French Views of Venice from the Fourth Crusade through Napoleon
O'Malley, John W.
French views of Venice from the Fourth Crusade through Napoleon were largely negative. Greed was a perennial theme, but others waxed and waned. At the time of the Fourth Crusade in 1204, the French found the Venetians unchivalrous, unchristian, and treacherous. At the time of the League of Cambrai in 1509, charges that the Venetians were proud, lowborn, and ungovernable were added to the earliers ones. In the seventeenth century, Venetians were no longer castigated by French writers for being unchivalrous or unchristian. However, to treacherous, proud, lowborn, and ungovernable were added new negatives: Venetians were seen as tyrannical, corrupt, decadent, and neglectful of duty. Finally, in the Napoleonic era, French writers typified Venetians as ungovernable, tyrannical, corrupt, decadent, neglectful of duty, and weak. Throughout these periods, French views of Venice reflected French preoccupations with their own national characteristics. Four forgeries, spanning these periods, played a part in the spread of these views.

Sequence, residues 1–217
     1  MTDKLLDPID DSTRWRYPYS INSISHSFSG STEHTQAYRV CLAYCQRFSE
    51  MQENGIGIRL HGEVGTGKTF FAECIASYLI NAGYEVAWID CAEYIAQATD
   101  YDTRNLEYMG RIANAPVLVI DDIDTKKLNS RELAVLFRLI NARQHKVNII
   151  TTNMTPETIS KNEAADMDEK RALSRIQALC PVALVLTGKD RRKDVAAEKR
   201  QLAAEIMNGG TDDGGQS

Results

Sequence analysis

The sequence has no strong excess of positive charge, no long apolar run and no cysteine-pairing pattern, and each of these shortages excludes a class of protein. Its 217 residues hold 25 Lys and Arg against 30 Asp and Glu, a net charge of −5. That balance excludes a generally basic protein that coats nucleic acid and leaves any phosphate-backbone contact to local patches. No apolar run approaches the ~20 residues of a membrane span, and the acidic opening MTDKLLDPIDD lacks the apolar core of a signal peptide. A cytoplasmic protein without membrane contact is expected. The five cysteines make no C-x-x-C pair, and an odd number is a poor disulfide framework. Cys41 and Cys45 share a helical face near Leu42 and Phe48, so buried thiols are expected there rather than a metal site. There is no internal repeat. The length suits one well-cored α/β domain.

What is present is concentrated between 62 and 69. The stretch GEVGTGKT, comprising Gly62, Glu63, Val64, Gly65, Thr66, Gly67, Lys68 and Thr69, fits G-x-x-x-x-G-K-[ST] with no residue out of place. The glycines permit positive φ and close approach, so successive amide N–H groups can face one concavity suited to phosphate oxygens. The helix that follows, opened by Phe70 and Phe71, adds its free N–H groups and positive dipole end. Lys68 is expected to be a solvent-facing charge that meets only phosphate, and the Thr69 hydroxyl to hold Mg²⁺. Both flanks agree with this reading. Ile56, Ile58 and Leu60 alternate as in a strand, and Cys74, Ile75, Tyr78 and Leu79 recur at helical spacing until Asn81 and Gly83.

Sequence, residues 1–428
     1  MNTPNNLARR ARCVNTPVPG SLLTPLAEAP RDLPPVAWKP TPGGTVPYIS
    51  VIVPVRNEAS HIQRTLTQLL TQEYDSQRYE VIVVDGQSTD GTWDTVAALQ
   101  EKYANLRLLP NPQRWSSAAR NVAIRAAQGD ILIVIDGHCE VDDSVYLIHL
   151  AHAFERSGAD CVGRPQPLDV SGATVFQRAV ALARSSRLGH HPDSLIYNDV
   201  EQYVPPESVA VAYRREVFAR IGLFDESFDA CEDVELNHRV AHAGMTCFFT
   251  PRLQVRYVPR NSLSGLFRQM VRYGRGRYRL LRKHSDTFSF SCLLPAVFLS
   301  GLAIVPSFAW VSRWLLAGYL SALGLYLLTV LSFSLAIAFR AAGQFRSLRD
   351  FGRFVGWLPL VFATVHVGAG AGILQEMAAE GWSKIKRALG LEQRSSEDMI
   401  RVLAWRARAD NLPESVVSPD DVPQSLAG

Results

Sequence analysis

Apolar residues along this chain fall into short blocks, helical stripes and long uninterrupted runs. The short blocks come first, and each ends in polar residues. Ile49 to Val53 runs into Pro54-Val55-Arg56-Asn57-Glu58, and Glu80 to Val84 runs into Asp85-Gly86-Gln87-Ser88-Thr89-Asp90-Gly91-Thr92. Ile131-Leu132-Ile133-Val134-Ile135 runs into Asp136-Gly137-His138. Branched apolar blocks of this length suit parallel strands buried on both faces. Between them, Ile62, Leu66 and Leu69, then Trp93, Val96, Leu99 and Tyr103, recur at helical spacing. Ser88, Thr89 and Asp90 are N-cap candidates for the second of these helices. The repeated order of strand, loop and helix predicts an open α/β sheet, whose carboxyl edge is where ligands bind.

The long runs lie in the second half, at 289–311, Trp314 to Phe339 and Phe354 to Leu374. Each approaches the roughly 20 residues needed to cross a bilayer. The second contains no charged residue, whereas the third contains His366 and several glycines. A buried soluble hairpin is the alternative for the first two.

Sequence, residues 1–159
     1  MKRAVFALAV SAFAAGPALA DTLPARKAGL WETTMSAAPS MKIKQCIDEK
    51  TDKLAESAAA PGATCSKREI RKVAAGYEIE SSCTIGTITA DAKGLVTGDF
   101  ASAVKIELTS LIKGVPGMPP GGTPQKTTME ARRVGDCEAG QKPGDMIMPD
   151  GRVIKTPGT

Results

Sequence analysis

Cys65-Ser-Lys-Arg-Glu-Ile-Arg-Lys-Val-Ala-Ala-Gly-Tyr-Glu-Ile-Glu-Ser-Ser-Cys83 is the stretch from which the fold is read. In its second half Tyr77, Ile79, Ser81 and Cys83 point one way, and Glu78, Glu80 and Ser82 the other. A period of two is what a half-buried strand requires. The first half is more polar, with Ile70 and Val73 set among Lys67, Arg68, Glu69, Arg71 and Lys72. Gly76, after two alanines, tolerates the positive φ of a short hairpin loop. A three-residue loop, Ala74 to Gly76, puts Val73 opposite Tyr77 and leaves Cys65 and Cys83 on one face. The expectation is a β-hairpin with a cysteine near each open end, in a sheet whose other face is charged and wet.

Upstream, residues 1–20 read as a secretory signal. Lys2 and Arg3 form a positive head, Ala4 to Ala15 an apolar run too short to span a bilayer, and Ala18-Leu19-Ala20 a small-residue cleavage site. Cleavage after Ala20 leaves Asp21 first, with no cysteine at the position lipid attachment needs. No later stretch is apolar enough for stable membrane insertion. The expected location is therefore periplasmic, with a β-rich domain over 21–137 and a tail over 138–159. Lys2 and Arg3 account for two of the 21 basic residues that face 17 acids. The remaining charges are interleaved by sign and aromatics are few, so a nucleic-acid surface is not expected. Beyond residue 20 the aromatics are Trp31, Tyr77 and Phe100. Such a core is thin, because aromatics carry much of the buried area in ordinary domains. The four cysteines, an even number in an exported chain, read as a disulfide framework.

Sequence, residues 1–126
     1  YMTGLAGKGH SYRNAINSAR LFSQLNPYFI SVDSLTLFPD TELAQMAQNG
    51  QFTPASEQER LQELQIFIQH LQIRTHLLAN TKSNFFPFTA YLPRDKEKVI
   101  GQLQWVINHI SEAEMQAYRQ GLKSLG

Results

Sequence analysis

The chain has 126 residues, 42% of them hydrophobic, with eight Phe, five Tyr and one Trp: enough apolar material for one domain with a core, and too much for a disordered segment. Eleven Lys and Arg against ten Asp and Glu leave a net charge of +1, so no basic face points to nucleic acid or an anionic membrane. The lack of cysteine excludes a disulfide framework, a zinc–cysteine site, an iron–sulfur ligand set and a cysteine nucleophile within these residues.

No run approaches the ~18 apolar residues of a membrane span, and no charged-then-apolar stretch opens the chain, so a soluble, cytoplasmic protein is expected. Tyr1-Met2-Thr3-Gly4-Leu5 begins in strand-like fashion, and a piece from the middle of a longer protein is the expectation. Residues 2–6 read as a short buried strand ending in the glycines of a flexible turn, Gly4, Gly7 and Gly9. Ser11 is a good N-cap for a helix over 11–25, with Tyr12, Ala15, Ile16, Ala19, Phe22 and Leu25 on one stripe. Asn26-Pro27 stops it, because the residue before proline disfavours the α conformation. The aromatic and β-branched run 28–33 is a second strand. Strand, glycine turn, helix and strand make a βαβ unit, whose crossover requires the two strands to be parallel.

Embargo Lift Date
Showing items related by title, author, creator and subject.